Dr Elizna Schoeman studied Pharmacy and gained research experience in Pharmaceutical Chemistry before completing her PhD degree in Biochemistry at the North West University in Potchefstroom, South Africa. Her PhD focused on the role of mitochondrial DNA mutation in paediatric mitochondrial diseases. Mitochondrial diseases are a group of metabolic disorders that occur when cells in one or multiple organ systems cannot produce enough energy to function.
Just before joining the MIMR, she worked as a Research Fellow at the Australian Red Cross Blood Service for 5 years. Her work focussed mostly on red cell immunogenetics. She developed new approaches to predict complete blood group, neutrophil and platelet antigen profiles for blood donors and patients using genetic data. She also co-developed non-invasive tests to detect fetal-maternal blood group incompatibilities where pregnancies are at risk of an immune response that can lead to hemolytic anemia in the fetus or newborn infant.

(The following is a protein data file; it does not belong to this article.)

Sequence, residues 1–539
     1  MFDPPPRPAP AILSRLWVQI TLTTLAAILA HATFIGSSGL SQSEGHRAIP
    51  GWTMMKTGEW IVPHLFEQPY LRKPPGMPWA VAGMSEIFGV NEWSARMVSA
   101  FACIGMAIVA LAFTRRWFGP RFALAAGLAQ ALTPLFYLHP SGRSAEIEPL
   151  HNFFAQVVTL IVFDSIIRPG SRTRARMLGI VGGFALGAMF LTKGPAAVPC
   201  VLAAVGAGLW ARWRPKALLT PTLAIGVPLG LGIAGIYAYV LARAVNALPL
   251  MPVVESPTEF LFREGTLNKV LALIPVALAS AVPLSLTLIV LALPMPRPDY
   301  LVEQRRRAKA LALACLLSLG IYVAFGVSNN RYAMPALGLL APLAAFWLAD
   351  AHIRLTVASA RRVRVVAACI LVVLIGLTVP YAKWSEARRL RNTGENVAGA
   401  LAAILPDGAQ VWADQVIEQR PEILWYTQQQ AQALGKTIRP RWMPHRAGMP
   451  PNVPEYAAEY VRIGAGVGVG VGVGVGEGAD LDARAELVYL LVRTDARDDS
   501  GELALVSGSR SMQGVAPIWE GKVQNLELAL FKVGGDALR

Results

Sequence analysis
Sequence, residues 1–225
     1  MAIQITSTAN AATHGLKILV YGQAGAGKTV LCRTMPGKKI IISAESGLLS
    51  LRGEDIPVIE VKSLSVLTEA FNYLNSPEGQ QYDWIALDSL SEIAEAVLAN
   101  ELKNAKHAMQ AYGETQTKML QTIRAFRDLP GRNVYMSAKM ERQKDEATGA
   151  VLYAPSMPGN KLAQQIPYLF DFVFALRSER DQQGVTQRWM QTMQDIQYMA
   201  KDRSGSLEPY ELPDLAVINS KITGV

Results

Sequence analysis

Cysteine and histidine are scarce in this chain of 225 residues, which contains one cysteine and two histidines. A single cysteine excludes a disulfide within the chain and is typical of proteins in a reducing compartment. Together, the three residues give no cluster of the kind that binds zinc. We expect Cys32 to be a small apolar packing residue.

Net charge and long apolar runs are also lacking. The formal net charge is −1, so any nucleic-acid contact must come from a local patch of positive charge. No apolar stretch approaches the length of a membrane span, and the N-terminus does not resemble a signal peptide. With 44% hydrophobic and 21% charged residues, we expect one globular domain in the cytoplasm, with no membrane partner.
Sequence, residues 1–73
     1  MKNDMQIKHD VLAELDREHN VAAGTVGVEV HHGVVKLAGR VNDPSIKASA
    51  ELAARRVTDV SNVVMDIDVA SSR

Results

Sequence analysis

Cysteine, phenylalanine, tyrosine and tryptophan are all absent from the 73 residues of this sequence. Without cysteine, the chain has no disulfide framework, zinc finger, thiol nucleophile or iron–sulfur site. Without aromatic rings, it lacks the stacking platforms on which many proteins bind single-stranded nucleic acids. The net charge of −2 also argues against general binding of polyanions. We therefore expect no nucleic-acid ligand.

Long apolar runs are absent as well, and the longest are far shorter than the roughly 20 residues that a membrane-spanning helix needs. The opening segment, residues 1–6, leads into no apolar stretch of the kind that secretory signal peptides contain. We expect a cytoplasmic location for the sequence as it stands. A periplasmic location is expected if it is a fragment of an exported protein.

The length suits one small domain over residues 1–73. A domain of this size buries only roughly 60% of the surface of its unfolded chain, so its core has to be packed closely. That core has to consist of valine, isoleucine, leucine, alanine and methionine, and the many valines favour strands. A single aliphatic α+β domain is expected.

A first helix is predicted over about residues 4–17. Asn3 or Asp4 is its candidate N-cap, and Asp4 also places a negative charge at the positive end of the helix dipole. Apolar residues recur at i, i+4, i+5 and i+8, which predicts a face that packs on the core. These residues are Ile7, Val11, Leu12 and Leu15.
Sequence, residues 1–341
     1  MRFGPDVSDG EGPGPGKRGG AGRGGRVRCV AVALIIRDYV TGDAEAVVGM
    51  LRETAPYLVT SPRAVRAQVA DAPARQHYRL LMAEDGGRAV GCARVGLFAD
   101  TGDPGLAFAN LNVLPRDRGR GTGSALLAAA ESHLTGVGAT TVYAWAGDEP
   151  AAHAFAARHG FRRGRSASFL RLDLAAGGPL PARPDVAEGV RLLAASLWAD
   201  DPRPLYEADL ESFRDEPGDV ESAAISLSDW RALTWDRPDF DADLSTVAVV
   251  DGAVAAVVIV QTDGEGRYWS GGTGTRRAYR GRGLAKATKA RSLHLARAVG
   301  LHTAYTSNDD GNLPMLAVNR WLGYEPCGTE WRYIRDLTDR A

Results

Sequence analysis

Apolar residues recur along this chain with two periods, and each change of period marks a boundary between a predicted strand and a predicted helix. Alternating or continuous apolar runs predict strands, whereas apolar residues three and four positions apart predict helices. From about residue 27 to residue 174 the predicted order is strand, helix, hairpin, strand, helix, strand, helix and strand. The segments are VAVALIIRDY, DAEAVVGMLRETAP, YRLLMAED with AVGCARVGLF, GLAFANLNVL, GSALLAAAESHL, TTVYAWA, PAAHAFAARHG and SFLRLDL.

My research interests are in human genetics, metabolism and immunology but I also have lifelong personal interest in functional foods and nutraceuticals. My research at the Malaghan Institute places me in a privileged position to pursue all of these interests by focussing on increasing our understanding of how diet impacts the health of the immune system. Ultimately, I strive to identify new ways optimise the function of the immune system that may lead to improved health promoting and therapeutic approaches.
My projects are focussed on understanding how the metabolism of immune cells relates to their function and how selected immune cell subsets are metabolically controlled. Currently, my main research project falls under the High-Value Nutrition National Science Challenges’ Immune Health programme which aims to identify the ways in which nutrition can improve immune defence against respiratory illness. For this project, I will be studying the molecular mechanisms by which selected nutrients and bioactive compounds from food- and/or intestinal microbiota affect the dynamic interactions between metabolism and the immune system.